Mogg & Melzer
I’m jammed between two hipsters and three stout elderly ladies in the queue for a table at Mogg & Melzer, a New York-style café and deli in Berlin’s über-cool Mitte district. A fat, pastrami-filled reuben sandwich arrives and I can see why the place is rammed. The butter-soft beef has been brined for a month to break down its fat, then smoked with a pepper rub before being slowly cooked on a low heat. Topped with mayonnaise, tabasco, chipotle and sauerkraut, and sandwiched between slices of rye bread, it’s a bargain whether you go for a small or a large. Pastrami is not a German dish but it’s fitting that it should be served here.
In 1925, Mitte was home to 31,000 Jews and Mogg & Melzer is housed in what was once a Jüdische Mädchenschule, or Jewish Girls’ School. When the school closed, in June 1942, the majority of its pupils and teachers were deported to Nazi concentration camps, many to their deaths. As Paul Mogg and his Jewish partner Oskar Melzer took occupancy of the building, they decided to honour its history, at least in some small, culinary way. Hence a menu that nods towards traditional Jewish foods, including that pastrami, and a matzah ball soup.
The deli’s other big influence is New York, which explains the spectacular pulled pork and merguez sausages served with soft, charred aubergine and salt lemon. It is this kind of mash-up that makes Berlin’s food scene so vibrant. Local guide Claudia Sult explains that the city’s food is much more diverse than that of the rest of Germany, simply because there are a lot of people living here, with lots of culinary influences to draw on. ‘A few years ago people used to say “Oh, Berlin, it’s got cheap food, cool,” but the quality was not good. It’s not quite as cheap now but the quality and creativity have increased.’ Even so, as Mogg & Melzer proves, prices here won’t bankrupt you.
Perhaps even more than London, Berlin seems to be a microcosm of the world, with global flavours available on almost every corner. As with so many cities elsewhere, stalls selling kebabs, falafel and the like are being jostled by young guns crafting carefully provenanced burgers, ceviché, pies, gua bao buns and more. In Berlin, many of them gather at Markthalle Neun in Kreuzberg for Street Food Thursday. On the third Sunday of every month, there’s also a dedicated breakfast market on the same site, flogging everything from eggs benedict to Vietnamese porridge and tip-top bloody marys.
Sowohl Als Auch
Breakfast is a big thing in Berlin, no more so than in Prenzlauer Berg. I head for Sowohl Als Auch – meaning As Well As – for the Brandenburger. It turns out to be a massive plate with two kinds of ham, liverwurst, goat’s milk cream cheese, salad, fruit, bread and butter. It’s perfectly acceptable to share one between two with a couple of coffees, or apple schorles (apple juice with soda).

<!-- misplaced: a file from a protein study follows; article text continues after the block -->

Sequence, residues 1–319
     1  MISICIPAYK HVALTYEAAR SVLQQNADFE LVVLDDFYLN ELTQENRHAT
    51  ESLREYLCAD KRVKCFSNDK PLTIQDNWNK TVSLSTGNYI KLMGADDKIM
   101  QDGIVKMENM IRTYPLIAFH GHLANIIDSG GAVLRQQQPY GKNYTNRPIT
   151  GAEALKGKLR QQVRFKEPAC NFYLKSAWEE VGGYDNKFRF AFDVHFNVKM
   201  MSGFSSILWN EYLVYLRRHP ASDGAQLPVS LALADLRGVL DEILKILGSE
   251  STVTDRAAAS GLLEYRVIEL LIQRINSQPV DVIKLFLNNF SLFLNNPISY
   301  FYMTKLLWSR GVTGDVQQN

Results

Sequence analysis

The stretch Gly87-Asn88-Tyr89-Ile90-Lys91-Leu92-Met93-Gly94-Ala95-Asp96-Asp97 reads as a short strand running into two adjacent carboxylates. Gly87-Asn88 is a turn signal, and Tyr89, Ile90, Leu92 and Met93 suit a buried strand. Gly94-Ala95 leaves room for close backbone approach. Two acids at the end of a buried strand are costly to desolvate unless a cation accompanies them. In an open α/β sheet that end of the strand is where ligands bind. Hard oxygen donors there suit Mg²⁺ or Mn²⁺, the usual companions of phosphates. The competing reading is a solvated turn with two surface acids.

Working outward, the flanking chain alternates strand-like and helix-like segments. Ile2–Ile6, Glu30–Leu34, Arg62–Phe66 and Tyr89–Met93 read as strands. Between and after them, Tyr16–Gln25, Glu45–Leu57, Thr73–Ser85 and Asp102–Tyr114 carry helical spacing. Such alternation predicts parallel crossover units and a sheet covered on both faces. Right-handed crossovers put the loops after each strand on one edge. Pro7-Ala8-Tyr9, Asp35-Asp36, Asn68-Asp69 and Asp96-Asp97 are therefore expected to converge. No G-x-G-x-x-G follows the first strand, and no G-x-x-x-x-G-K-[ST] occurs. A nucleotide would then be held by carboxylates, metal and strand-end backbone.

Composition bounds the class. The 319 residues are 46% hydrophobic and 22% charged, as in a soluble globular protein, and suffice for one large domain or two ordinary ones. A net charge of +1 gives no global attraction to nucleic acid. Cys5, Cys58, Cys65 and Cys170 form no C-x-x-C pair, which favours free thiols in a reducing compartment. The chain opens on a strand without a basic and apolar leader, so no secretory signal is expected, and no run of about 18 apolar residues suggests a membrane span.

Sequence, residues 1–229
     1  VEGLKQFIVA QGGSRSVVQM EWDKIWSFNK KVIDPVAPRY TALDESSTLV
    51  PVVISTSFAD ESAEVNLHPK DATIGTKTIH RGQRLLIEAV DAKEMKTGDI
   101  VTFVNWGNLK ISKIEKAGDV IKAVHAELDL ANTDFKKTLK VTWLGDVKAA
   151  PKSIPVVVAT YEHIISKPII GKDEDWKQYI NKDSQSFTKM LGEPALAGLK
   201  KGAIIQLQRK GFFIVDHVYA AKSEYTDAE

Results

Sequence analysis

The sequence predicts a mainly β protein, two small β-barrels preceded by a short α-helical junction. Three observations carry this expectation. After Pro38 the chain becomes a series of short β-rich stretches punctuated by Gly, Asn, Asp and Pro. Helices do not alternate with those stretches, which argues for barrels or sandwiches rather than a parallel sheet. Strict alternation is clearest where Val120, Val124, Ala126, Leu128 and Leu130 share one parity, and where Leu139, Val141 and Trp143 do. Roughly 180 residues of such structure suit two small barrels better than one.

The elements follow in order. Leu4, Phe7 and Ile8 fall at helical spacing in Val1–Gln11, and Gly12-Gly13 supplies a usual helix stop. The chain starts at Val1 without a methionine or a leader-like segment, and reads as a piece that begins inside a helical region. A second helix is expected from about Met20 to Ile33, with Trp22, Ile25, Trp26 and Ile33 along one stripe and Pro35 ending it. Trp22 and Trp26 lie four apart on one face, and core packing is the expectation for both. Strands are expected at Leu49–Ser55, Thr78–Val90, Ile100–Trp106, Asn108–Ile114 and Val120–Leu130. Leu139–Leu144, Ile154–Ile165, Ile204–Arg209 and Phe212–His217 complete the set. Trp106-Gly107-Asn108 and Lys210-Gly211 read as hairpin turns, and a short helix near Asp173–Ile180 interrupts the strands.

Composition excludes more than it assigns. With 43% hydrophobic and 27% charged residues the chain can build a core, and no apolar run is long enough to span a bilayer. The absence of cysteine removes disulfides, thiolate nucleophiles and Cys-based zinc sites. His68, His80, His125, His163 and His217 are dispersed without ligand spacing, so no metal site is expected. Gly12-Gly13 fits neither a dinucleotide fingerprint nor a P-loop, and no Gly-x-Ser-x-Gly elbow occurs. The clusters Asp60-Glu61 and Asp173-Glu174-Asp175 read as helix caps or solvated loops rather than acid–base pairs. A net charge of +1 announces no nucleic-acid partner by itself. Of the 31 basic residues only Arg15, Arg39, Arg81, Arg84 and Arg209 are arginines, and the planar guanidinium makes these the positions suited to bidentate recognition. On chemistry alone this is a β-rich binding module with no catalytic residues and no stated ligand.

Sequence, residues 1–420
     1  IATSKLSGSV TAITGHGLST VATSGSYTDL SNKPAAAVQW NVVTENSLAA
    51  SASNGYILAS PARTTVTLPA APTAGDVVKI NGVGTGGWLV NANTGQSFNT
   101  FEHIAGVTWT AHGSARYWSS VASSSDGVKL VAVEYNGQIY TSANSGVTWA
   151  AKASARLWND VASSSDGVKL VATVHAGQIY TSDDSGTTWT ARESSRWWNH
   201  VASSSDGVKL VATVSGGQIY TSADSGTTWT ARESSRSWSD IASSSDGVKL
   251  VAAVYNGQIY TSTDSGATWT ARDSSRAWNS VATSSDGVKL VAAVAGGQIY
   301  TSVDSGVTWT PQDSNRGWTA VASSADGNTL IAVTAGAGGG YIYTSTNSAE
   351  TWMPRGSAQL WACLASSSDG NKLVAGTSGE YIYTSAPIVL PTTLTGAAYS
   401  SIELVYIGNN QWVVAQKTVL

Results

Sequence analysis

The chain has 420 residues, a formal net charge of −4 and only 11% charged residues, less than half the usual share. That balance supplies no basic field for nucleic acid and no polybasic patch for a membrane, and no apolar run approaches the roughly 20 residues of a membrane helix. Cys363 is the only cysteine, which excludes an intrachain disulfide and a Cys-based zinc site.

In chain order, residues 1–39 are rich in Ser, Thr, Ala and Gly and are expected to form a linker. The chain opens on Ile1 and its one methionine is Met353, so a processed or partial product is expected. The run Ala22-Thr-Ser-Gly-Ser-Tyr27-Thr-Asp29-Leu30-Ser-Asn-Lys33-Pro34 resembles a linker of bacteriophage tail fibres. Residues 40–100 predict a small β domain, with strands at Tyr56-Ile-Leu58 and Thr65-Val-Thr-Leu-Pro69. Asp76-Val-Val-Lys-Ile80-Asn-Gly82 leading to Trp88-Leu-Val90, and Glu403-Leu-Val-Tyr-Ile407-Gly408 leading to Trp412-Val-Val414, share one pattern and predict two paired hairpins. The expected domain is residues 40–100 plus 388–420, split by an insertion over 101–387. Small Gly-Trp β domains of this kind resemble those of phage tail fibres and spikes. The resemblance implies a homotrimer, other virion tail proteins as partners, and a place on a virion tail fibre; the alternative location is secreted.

Later, at a table overlooking the beaver and monkey enclosures at Berlin Zoo, I try a cracking caesar – its grilled hearts of romaine and ‘perfect’ egg taking the stalwart salad to new heights. This is Supermarket, a concept store where you can buy everything, from the seat your bum is parked on, to your knife and fork and even yourself (well, a 3D sculpture of you). There’s also a restaurant, where €16.50 buys you two courses and, if you bag a window seat, a slice of zoo-life for free.
Because Berlin isn’t really typical of Germany, I seek a bit of Germany in Berlin and head out to Charlottenberg, just by the River Spree, to cute little Schnitzelei. So quietly located you wouldn’t ever stumble across it, here each guest is welcomed with a small beer and manager, Christian, recommends a schnapps ‘to open the stomach’. I try German tapas, including Berlin ‘rost’ sausages, a creamy mix of cheeses, butter and onions known as ‘obatzada’ and salty loin of pork. But the main draw is the schnitzel, of many types. A I swoon over traditional wiener schnitzel and gesottnenes schnitzel, which is boiled beef covered in a mustard crust.
My absolute Berlin favourite has to be Lokal, which I love for its style, locavore ethos and vibrancy. Chef Gary Hoopengardner butchers almost all of his own meat and follows a nose-to-tail philosophy. ‘We buy whole animals and we use a lot of wild game when it is available,’ he tells me. ‘Our vegetables are from nearby Brandenburg farms and we cook them very lightly. We try to do two or three variations of the one vegetable.’
At a last-minute seat at the zinc bar in this simple, white-painted room, I try a starter of suckling pig chop and pulled pork knuckle, with potato served three different ways – including vinaigrette. It is the perfect balance of bouncy, juicy chop, freshly-picked baby leaves and carrots, and nutty potatoes. Boy is it good.
This feature was published in June 2015
Photographs: Audrey Gillan, Ailine Liefeld, David Cotsworth/Lonely Planet Traveller, Steve Herud
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